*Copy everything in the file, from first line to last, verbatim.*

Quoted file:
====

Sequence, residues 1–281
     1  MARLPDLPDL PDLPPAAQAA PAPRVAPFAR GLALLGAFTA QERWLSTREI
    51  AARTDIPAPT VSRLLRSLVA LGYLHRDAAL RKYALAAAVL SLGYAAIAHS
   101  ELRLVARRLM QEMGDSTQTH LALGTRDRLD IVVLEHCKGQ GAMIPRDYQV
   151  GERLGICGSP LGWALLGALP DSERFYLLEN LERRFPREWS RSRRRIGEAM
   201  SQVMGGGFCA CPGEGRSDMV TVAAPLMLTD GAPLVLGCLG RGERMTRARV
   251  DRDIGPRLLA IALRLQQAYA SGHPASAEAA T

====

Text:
Sequence, residues 1–281
     1  MARLPDLPDL PDLPPAAQAA PAPRVAPFAR GLALLGAFTA QERWLSTREI
    51  AARTDIPAPT VSRLLRSLVA LGYLHRDAAL RKYALAAAVL SLGYAAIAHS
   101  ELRLVARRLM QEMGDSTQTH LALGTRDRLD IVVLEHCKGQ GAMIPRDYQV
   151  GERLGICGSP LGWALLGALP DSERFYLLEN LERRFPREWS RSRRRIGEAM
   201  SQVMGGGFCA CPGEGRSDMV TVAAPLMLTD GAPLVLGCLG RGERMTRARV
   251  DRDIGPRLLA IALRLQQAYA SGHPASAEAA T